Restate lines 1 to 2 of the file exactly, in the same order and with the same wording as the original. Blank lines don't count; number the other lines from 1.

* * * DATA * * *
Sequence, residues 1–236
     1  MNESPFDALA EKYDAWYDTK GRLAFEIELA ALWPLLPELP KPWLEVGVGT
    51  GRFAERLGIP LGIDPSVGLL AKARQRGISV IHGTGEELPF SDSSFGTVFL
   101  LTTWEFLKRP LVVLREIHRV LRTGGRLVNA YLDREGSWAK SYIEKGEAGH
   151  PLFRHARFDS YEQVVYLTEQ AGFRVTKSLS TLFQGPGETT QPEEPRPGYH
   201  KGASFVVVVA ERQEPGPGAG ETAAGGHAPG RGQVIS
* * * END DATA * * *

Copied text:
Sequence, residues 1–236
     1  MNESPFDALA EKYDAWYDTK GRLAFEIELA ALWPLLPELP KPWLEVGVGT